As used herein, the term “about” or “approximately” means within 20%, preferably within 10%, and more preferably within 5% of a given value or range.

The terms “effective amount”, “therapeutically effective amount”, “an RXR-responsive gene expression-inducing amount”, and “effective dosage” as used herein, refer to the amount of an effector molecule that, when administered to a mammal in need, is effective to at least partially ameliorate or to at least partially prevent conditions related to osteoarthritis.

As used herein, the term “expression” includes the process by which DNA is transcribed into mRNA and translated into polypeptides or proteins.

“Retinoid X Receptor” or “RXR” refers to RXRα, RXRβ, and RXRγ, and variants isoforms, and active fragments thereof. RXRβ is ubiquitously expressed, while RXRα expression is limited to liver, kidney, spleen, placenta, epidermis, and, as demonstrated herein, cartilage. RXRγ is expressed in muscle and brain, and, as demonstrated herein, cartilage. Representative GenBank® accession numbers for RXRα sequences include the following: human (Homo sapiens, NP002948), mouse (Mus musculus, NP035435, AAB36777, MB36778), rat (Rattus norvegicus, NP036937), orangutan (Pongo abelii, NP001125717), zebrafish (Danio rerio, NP571228, A2T929), frog (Xenopus laevis, P51128). Representative GenBank® accession numbers for RXRβ sequences include the following: human (Homo sapiens, NP068811), mouse (Mus musculus, NP035436, BAA04859), rat (Rattus norvegicus, NP996731), cow (Bos taurus, NP001077109), frog (Xenopus laevis, NP001080936, NP001081830), zebrafish (Danio rerio, NP571350, NP571313, Q90415), dog (Canis lupus familiaris, Q5TJF7). Representative GenBank® accession numbers for RXRγ sequences include the following: human (Homo sapiens, NP008848, NP001009598), mouse (Mus musculus, NP033133), rat (Rattus norvegicus, NP113953), cow (Bos taurus, NP001068876), chicken (Gallus gallus, NP990625), zebrafish (Danio rerio, NP571292, Q6DHP9), orangutan (Pongo abelii, NP001124824), pig (Sus scrofa, NP001123685), frog (Xenopus laevis, P51129).

“Liver X receptor” or “LXR” refers to both LXRα and LXRβ, and variants, isoforms, and active fragments thereof. LXRβ is ubiquitously expressed, while LXRα expression is limited to liver, kidney, intestine, spleen, adipose tissue, macrophages, skeletal muscle, and, as demonstrated herein, cartilage. Representative GenBank® accession numbers for LXRα sequences include the following: human (Homo sapiens, NP005684, NP001123573, NP001123574), mouse (Mus musculus, NP038867), rat (Rattus norvegicus, NP113815), cow (Bos taurus, NP001014861), pig (Sus scrofa, NP001095284), chicken (Gallus gallus, NP989873). Representative GenBank® accession numbers for LXRβ include the following: human (Homo sapiens, NP009052), mouse (Mus musculus, NP033499), rat (Rattus norvegicus, Q62755), cow (Bos taurus, Q5BIS6).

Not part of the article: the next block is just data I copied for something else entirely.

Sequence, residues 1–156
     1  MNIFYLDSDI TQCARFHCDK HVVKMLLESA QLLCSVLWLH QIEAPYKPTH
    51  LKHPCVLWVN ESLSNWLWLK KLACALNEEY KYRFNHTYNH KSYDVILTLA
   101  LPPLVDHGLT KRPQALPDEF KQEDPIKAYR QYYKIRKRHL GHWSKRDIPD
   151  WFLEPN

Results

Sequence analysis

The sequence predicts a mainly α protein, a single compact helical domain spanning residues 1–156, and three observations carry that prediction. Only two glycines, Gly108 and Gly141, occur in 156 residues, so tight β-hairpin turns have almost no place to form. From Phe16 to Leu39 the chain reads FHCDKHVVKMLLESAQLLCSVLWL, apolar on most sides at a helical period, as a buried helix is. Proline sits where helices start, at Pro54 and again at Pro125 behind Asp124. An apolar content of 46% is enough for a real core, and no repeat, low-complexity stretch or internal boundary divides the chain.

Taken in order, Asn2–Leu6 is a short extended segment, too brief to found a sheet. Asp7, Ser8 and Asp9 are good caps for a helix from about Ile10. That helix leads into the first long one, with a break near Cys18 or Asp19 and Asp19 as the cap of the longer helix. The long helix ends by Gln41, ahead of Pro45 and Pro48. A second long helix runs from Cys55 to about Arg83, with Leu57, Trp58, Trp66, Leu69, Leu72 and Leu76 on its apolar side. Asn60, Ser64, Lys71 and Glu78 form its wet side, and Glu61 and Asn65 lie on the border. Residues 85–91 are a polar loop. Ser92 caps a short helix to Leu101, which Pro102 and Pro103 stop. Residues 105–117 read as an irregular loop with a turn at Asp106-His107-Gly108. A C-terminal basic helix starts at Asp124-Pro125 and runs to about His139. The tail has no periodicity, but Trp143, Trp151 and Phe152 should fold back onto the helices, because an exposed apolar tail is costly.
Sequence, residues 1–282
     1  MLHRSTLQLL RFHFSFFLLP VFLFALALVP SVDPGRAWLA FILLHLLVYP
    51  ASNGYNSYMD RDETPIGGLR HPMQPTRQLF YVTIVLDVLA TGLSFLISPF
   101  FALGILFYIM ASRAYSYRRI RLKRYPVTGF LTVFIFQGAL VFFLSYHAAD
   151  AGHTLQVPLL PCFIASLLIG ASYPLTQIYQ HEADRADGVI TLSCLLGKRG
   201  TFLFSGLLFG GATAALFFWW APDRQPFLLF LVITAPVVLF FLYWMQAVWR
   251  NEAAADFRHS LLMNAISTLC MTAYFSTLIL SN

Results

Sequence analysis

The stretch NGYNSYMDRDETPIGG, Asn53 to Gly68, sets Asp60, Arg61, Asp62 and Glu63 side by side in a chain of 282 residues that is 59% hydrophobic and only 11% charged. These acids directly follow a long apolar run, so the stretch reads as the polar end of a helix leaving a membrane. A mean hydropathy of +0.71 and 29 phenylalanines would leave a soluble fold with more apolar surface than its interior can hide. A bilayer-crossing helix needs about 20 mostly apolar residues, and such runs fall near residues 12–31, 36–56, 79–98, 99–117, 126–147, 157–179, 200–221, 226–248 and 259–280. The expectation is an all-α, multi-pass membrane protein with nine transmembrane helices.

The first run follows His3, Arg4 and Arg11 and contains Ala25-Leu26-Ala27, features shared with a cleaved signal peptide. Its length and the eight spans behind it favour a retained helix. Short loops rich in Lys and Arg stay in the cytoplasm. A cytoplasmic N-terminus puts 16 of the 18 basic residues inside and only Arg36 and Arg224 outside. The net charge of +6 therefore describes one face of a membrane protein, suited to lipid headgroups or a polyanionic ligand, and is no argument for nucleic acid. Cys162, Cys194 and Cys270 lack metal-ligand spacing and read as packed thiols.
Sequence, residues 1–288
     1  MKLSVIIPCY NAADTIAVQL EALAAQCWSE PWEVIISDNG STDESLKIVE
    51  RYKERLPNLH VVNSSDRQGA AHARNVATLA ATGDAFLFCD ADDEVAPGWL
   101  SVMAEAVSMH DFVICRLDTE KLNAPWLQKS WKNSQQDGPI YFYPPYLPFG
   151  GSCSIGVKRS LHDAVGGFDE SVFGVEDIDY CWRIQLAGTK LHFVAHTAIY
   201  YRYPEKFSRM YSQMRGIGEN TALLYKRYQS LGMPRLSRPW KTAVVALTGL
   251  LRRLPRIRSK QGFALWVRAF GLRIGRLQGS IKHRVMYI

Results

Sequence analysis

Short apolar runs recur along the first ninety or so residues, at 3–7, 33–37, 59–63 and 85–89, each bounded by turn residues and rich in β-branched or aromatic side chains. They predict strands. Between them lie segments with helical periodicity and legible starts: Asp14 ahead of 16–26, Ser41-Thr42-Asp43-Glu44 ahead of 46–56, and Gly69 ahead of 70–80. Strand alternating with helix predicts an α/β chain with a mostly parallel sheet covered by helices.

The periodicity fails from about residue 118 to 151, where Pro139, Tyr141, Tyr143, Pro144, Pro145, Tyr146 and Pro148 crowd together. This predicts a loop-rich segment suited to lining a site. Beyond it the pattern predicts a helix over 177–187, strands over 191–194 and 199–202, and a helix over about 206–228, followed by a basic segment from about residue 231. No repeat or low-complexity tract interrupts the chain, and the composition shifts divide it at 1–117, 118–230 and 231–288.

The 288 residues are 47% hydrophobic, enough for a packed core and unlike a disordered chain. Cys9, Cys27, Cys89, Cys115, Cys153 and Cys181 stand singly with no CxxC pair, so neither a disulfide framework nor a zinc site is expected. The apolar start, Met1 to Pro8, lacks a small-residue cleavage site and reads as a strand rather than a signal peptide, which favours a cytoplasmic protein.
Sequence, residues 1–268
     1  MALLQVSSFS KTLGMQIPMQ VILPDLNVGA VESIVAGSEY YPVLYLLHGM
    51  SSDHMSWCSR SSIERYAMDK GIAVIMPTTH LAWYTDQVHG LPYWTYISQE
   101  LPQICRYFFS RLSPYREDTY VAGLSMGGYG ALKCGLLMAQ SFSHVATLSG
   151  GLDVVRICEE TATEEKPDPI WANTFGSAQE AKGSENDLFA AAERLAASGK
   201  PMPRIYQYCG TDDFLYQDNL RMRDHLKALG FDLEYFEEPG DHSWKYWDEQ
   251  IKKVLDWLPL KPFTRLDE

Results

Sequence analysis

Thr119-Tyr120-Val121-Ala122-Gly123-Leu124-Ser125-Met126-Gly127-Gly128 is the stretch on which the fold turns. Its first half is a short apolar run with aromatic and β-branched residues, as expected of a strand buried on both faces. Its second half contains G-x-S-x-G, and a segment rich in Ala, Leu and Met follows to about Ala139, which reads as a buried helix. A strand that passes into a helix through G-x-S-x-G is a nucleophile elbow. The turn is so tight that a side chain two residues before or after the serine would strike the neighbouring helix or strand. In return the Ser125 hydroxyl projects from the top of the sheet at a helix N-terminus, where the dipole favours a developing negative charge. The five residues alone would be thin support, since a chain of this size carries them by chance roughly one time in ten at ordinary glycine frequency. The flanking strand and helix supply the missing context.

The term “mammal” refers to a human, a non-human primate, canine, feline, bovine, ovine, porcine, murine, or other veterinary or laboratory mammal. Those skilled in the art recognize that a therapy which reduces the severity of a pathology in one species of mammal is predictive of the effect of the therapy on another species of mammal.

The term “modulate” encompasses either a decrease or an increase in activity or expression depending on the target molecule. For example, an RXRα modulator is considered to modulate the expression or activity of RXRα if the presence of such RXRα modulator results in an increase or decrease in RXRα expression or activity.

II. RXR and LXR Agonists

RXR agonists useful in the present invention include, but are not limited to, compounds that preferentially activate RXR over RAR (i.e. RXR specific agonists) and compounds that activate both RXR and RAR (i.e. pan agonists). It also includes compounds that activate RXR in a certain cellular context but not others (i.e. partial agonists). Representative compounds include those disclosed in U.S. Pat. Nos. 5,399,586, 5,466,861, 5,801,253, 6,506,917, 5,780,676, 5,962,731, 6,320,074, 5,972,881, 5,770,378, and 5,721,103, and in Boehm et al., J. Med. Chem. 38:3146-55 (1995), Boehm et al., J. Med. Chem. 37:2930-41 (1994), Antras et al., J. Biol. Chem. 266:1157-61 (1991), Salazar-Olivo et al., Biochem. Biophys. Res. Commun. 204:257-63 (1994), and Safanova, Mol. Cell. Endocrin. 104:201-11 (1994). Pan agonists include, but are not limited to, 9-cis retinoic acid, docosahexanoic acid, and phytanic acid. Useful synthetic agonists include LG100268 (6-[1-(3,5,5,8,8-pentamethyl-5,6,7,8-tetrahydronaphthalen-2-yl)cyclopropyl]pyridine-3-carboxylic acid) and bexarotene(4-[1-(5,6,7,8-tetrahydro-3,5,5,8,8-pentamethyl-2-naphthalenyl) ethenyl]benzoic acid).